Wet weather kicked off the first day of COP22, the UN climate change negotiations. The only-partially-constructed venue was not enough to dampen the enthusiasm of negotiators as they trickled through though. Given the unprecedented early entry into force of the Paris Agreement, a mere three days prior (on 4 November), a celebratory mood was not unexpected. Add on the recent successes of the Kigali Agreement in limiting HFCs, how could there now be an air of ambition and excitement as the delegates took their seats?
The opening plenary began with a changing of the guard from COP21 president Ségolène Royal of France to the now COP22 president Salaheddine Mezouar of Morocco. Before the negotiations themselves got underway, Royal gifted Mezouar a giant globe embellished with a smiling face.
It came alongside her ask of delegates to begin financing projects to provide energy for the millions of African citizens still living without access to energy. “The sun does not ignore a ledge because it is small,” Mezouar shared.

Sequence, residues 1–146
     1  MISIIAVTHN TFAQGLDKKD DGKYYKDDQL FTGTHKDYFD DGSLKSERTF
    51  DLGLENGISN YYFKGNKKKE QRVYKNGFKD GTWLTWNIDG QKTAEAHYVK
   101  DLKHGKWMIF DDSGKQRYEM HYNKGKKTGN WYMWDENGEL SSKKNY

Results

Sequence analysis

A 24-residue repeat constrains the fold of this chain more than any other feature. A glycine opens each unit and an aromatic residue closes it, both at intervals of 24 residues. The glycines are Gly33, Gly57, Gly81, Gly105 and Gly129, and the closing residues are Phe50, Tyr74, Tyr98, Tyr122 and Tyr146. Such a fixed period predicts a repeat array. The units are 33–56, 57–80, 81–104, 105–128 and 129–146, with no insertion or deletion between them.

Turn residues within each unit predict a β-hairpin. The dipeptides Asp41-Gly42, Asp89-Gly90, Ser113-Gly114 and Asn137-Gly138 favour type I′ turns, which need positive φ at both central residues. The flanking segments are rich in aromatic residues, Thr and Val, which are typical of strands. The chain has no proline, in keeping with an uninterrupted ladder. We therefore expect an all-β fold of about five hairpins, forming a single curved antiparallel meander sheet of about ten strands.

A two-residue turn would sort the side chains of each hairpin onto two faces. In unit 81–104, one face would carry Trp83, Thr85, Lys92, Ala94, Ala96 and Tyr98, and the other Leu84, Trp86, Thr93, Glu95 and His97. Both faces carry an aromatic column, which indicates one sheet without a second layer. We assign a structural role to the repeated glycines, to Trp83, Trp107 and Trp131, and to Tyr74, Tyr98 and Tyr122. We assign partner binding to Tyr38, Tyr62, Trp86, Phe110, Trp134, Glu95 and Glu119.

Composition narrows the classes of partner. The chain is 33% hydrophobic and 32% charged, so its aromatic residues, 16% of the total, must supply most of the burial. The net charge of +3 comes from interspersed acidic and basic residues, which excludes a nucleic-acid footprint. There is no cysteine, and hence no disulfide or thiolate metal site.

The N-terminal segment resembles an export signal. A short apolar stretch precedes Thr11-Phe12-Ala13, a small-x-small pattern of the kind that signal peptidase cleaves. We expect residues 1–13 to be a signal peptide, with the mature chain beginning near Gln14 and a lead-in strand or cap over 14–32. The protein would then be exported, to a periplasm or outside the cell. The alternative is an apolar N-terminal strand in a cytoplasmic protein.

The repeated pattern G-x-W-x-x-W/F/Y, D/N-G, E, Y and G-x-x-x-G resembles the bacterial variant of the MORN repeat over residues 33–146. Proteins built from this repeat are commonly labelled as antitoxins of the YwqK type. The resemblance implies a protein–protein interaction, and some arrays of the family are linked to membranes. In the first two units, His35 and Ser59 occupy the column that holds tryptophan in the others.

Former COP16 president and current UNFCCC executive secretary Patricia Espinosa laid out the agenda and goals for this Moroccan meeting. Key topics include finance, adaptation and the scaling up of ambition for national action.
Stock standard formalities aside, the adoption of the agenda was delayed when Turkey unsuccessfully requested an agenda item to allow them access to climate finance and technology. This nonsensical move, given their status as an Annex I country yet to ratify the Paris Agreement, which over a hundred countries have now done, was awarded the Fossil of the Day award given to the country who has done the least to contribute to the progress of the negotiations.
Notably missing from the conference was Panafrican parliament vice-presidentSuelma Beirouk. Hailing from Western Sahara, an occupied region of Morocco, Beirouk was detained by police on the evening of 6 November at the Marrakech airport. At this time, the reason of her confinement has not been released. We do know her intention was to attend COP22, and she had all of the necessary paperwork. Activists have taken to Twitter to demand a response from the Moroccan government, to no response.
Another mystery was the silent disappearance of a ministerial meeting on finance, specifically surrounding adaptation financing for developing countries. Civil society are unlikely to let that drop though according to Harjeet Singh, climate advisor at ActionAid: “we are expecting some good fights on that”.
Coming out of day one, it is clear that the focus will centre around transparency, urgency and action even if it’s unclear what the trajectory of COP22 will be.